Triangle Reversed Pose - Parivrtta Trikonasana

Parivrtta Trikonasana
(Triangle Reversed Pose)

(par-ee-vrit-tah trik-cone-AHS-anna)
parivrtta = to turn around, revolve
trikona = three angle or triangle

This yoga pose is a great opener of the hamstrings, hips, and spine! Also strengthening the core and legs, this yoga exercise works by toning the internal organs and bringing stamina to the assisting muscles. Triangle Reversed Yoga Pose may aslo be used as a preparation to forward bends and deeper twists.



Strengthens and stretches the legs

Stretches the hips and spine

Opens the chest to improve breathing

Relieves mild back pain

Stimulates the abdominal organs

Improves sense of balance


Back or spine injury. Perform this pose only with the supervision of an experienced teacher or avoid it altogether. Also avoid this pose if you have:

Low blood pressure





Performing the Asana

Stand in Tadasana. With an exhalation, step or lightly jump your feet 3½ to 4 feet apart. Raise your arms parallel to the floor and reach them actively out to the sides, shoulder blades wide, palms down. Turn your left foot in 45 to 60 degrees to the right and your right foot out to the right 90 degrees. Align the right heel with the left heel. Firm your thighs and turn your right thigh outward, so that the center of the right kneecap is in line with the center of the right ankle.

With an exhalation, turn your torso to the right, and square your hip points as much as possible with the front edge of your sticky mat. As you bring the left hip around to the right, resist the head of the left thigh bone back and firmly ground the left heel.

With another exhalation, turn your torso further to the right and lean forward over the front leg. Reach your left hand down, either to the floor (inside or outside the foot) or, if the floor is too far away, onto a block positioned against your inner right foot. Allow the left hip to drop slightly toward the floor. You may feel the right hip slip out to the side and lift up toward the shoulder, and the torso hunch over the front leg. To counteract this, press the outer right thigh actively to the left and release the right hip away from the right shoulder. Use your right hand, if necessary, to create these two movements, hooking the thumb into the right hip crease.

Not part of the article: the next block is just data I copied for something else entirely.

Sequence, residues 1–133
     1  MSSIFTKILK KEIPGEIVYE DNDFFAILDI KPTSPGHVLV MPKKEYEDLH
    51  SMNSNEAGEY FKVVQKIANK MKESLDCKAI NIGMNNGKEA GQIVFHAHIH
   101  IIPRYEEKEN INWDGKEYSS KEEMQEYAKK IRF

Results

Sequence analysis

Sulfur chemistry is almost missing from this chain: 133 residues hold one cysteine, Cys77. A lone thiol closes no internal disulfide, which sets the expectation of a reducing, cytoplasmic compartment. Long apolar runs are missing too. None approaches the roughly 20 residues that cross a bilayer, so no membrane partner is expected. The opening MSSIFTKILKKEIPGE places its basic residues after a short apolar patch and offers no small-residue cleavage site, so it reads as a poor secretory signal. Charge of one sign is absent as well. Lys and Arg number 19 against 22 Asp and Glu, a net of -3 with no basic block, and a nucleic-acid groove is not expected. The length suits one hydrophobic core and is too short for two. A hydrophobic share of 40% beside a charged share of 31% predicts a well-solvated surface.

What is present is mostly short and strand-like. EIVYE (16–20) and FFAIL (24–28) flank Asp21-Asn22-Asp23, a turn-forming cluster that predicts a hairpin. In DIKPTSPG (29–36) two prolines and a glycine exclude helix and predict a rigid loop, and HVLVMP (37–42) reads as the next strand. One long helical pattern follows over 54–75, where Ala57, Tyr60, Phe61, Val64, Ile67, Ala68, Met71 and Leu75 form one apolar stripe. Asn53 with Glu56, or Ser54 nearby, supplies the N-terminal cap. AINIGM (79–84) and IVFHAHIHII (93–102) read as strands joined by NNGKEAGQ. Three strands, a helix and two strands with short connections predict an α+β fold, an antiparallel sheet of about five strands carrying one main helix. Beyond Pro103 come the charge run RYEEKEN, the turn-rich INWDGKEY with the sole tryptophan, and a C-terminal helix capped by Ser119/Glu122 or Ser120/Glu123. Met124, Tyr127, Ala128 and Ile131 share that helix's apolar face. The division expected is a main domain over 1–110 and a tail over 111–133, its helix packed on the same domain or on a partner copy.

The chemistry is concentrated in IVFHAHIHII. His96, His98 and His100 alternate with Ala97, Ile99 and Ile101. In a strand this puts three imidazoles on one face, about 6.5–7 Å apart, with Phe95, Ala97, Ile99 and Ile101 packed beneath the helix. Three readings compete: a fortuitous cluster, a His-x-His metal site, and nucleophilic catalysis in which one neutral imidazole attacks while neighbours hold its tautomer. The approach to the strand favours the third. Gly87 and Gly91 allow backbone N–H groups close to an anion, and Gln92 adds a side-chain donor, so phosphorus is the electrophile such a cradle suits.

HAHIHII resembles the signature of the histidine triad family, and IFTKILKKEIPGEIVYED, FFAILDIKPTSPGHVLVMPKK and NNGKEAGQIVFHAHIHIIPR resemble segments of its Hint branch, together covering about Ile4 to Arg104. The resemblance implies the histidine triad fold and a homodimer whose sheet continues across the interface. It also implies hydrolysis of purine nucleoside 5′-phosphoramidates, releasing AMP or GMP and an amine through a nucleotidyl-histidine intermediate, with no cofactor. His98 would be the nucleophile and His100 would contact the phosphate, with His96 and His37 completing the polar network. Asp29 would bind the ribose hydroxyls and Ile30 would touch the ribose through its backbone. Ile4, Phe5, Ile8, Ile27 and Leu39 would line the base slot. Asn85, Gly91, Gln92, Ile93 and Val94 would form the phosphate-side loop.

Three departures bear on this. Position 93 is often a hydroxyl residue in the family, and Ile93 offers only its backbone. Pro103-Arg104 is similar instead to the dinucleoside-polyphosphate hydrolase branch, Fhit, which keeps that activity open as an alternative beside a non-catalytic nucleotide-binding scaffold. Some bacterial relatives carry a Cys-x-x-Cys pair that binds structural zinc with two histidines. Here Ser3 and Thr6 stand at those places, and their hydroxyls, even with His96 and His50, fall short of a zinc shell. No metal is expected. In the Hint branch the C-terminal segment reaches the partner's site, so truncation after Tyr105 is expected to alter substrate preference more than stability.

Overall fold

Beginning students should keep their head in a neutral position, looking straight forward, or turn it to look at the floor. More experienced students can turn the head and gaze up at the top thumb. From the center of the back, between the shoulder blades, press the arms away from the torso. Bring most of your weight to bear on the back heel and the front hand.

Stay in this pose anywhere from 30 seconds to one minute. Exhale, release the twist, and bring your torso back to upright with an inhalation. Repeat for the same length of time with the legs reversed, twisting to the left.

Anatomical Focus





Lower back




Therapeutic Applications


Digestive problems


Lower backache


Modify Your Practice

One of the most common problems in this pose is the inability to keep the back heel grounded, which makes the pose very unstable. There are various ways to deal with the back heel. First, of course, you can just accept the situation and work diligently to press through the heel (and open the back-leg groin) even though it's off the floor. Second, you can perform the pose with your back heel wedged against a wall, which gives you something to push into. Or finally, you can raise the back heel on a lift and, over time, work to gradually lower the lift until the heel stays on the floor.

One variation is to perform the Triangle rapidly thereby giving it a slightly aerobic effect.


Parivrtta Trikonasana leads into a very interesting variation, not usually described in popular instruction manuals, called Parivrtta Ardha Chandrasana (Revolved Half Moon Pose). Perform the pose (twisting to the right). Then exhale, bend the right knee and reach the left hand forward on the floor (or onto a block) about 12 to 18 inches beyond the right foot (with the hand positioned on the big toe side of the foot). Inhale and straighten the right knee, lifting the left foot off the floor and bringing the leg parallel to the floor. Hold for 30 seconds to a minute, return the left foot to the floor with an exhalation, and leave the twist as described in step 5 above. Repeat on the other side.

Complimentary Yoga Poses

Baddha Konasana -Bound Angle Posture
Prasarita Padottanasana - Standing Wide Leg Forward Bend
Sukhasana - Easy Pose
Supta Virasana - Reclining Hero Pose
Supta Baddha Konasana - Reclining Bound Angle Posture
Uttanasana - Standing Forward Bend
Utthita Parsvakonasana - Extended Side Angle Stretch
Trikonasana - Triangle
Virabhadrasana II - Warrior II
Virasana - Hero Pose
Vrksasana - Tree Balance Pose

Tips for Beginners

This pose is slightly easier with a narrower stance. Beginners should also, as suggested in the main description, bring their hand to the inner foot, whether on the floor or on a support like a block or folding chair.

Deepen the Pose

When you bring the bottom hand to the outside of the forward leg, press the forearm firmly against the outer shin. This pressure of arm-against-leg will help your torso rotate more deeply into the pose.

Partner Practice

A partner can help you stabilize and align this position and get a better feel for the twist. Perform steps 1 and 2 in the main description above. Have your partner stand behind you and wrap a strap across your front hip crease. Then continue with the rest of the pose. As you move into the twist, the partner will pull firmly on the ends of the strap, dragging the front groin deeper into the pelvis and the outer front hip away from the shoulder. Also, he can pull in on the strap to help you keep the front hip tucked in and, with one of his feet, press against and ground your back heel.